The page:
Listen to live music
New Orleans is famous for music, particularly jazz. Tipitina’s is a legendary live music venue, which has hosted New Orleans’ most famous local musicians, including the late Professor Longhair. Each summer, Tipitina’s hosts free concerts on Friday nights.
Remember Hurricane Katrina
New Orleans is commemorating Hurricane Katrina with a series of events, including wreath laying ceremonies, a conference, prayer services and more this summer.
Ride a streetcar
NOLA’s vintage streetcars are a ride through yesteryear. Traversing the city, there are several routes including one along the riverfront that stops at the French Market and Harrah’s New Orleans Hotel and Casino. Fare $1.25
Eat a po’ boy
No trip to NOLA is complete without eating a poor boy sandwich at Parkway Bakery & Tavern, a century-old family-run eatery at the corner of Hagan and Toulouse. There are 25 of the signature submarine sandwiches to try, including fried oyster, hot roast beef with gravy and fried shrimp.
Shop the French Market
For more than three centuries, the French Market has been a lively gathering spot in NOLA. The French Market is six blocks of shops, including a European-style open-air farmers market and open-air flea market in the French Quarter that are open daily.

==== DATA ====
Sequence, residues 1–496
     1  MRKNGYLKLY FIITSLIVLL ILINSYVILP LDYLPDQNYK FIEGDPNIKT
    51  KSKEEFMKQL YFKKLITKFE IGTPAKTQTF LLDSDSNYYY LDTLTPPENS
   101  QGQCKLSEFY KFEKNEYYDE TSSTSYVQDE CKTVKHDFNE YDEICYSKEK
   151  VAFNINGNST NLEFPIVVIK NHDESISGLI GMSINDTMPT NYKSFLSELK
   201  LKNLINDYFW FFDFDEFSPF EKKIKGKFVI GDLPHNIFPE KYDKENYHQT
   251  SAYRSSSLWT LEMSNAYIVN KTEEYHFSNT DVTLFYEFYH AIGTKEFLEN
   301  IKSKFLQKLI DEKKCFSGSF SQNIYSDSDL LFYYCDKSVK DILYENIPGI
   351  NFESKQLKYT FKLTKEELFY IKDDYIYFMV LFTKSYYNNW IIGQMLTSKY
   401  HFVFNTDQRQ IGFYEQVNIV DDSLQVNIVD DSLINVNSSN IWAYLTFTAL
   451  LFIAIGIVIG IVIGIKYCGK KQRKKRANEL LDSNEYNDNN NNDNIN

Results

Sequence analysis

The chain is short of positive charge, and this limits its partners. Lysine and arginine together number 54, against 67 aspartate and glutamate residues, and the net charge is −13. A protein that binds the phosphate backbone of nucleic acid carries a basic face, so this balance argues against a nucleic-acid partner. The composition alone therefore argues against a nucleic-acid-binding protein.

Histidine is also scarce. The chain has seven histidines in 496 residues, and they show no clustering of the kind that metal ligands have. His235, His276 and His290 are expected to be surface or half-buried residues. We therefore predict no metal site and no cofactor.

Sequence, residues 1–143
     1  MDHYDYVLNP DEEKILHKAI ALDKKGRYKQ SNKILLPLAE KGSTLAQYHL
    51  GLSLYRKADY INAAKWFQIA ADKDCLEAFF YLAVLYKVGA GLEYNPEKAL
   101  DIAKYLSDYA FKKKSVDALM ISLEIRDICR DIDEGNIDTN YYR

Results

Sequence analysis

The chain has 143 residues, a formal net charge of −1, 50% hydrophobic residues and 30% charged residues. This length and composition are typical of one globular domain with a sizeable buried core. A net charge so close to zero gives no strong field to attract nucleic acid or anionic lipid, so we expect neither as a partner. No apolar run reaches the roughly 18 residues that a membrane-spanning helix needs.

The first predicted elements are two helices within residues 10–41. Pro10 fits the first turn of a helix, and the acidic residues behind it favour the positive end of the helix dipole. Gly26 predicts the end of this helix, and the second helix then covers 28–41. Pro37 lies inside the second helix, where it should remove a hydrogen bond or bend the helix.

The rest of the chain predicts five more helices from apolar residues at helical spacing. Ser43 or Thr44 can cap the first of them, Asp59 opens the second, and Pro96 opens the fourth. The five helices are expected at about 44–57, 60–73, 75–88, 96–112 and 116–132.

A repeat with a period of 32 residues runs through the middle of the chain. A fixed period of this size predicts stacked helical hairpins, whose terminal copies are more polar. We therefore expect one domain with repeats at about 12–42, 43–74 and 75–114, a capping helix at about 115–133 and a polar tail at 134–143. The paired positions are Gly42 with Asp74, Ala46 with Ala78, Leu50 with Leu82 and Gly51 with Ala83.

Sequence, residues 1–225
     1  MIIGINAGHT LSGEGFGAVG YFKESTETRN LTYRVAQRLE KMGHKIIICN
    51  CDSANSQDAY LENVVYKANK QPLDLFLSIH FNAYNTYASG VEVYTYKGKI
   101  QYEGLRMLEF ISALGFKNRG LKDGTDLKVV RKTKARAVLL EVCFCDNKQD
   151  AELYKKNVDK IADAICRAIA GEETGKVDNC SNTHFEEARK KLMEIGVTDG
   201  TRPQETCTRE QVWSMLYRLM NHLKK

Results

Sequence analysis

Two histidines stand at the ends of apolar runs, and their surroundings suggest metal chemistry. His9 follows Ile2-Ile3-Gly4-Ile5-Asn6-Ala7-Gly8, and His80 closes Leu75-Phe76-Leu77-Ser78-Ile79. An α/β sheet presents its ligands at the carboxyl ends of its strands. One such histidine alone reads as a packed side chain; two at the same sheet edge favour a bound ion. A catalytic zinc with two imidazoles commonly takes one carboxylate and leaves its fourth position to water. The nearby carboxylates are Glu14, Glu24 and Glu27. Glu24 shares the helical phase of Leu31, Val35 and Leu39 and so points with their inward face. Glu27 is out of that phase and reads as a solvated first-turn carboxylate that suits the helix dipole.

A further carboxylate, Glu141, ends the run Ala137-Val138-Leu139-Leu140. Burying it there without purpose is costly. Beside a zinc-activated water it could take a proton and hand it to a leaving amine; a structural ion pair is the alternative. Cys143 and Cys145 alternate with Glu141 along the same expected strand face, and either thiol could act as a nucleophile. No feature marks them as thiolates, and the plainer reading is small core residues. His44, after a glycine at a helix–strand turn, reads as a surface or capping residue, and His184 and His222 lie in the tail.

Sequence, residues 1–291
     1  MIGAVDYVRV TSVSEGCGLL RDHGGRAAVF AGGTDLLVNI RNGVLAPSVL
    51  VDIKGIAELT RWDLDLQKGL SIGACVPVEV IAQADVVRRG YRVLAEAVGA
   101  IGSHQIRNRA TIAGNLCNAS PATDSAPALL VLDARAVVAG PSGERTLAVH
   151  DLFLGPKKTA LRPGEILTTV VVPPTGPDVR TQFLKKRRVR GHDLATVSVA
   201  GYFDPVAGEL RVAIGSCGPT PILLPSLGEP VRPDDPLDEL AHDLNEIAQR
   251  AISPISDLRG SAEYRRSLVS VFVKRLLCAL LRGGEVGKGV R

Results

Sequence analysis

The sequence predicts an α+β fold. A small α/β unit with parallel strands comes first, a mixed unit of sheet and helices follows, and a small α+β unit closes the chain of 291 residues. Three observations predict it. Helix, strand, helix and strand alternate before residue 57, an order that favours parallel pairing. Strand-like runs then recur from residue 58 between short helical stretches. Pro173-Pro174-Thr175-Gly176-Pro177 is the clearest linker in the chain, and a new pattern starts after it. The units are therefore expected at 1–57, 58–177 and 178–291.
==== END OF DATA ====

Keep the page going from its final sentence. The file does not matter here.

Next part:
Eat Creole cuisine
There are plenty of places to sample Creole cuisine but there are two places that reign supreme. Arnaud Cazenave’s eponymous French Quarter restaurant Arnaud’s has been serving exceptional Creole food since 1918. Start off with the French 75 cocktail (Courvoisier VS, sugar, lemon juice and Moët and Chandon Champagne) at the restaurant’s bar of the same name before tucking in to an exceptional Creole dinner with signature dishes like shrimp Arnaud, Gulf shrimp marinated in Creole remoulade sauce ($10.95); oyster Bienville, shrimp, mushrooms, green onions, herbs and seasonings in a white wine sauce ($13.95); and seafood gumbo ($8.75). Galatoire’s carries on the tradition of founder Jean Galatoire who opened the restaurant on Bourbon Street in 1905. Try specialties like soufflé potatoes ($7), shrimp remoulade ($11), turtle soup au Sherry ($7) and duck and Andouille gumbo ($7).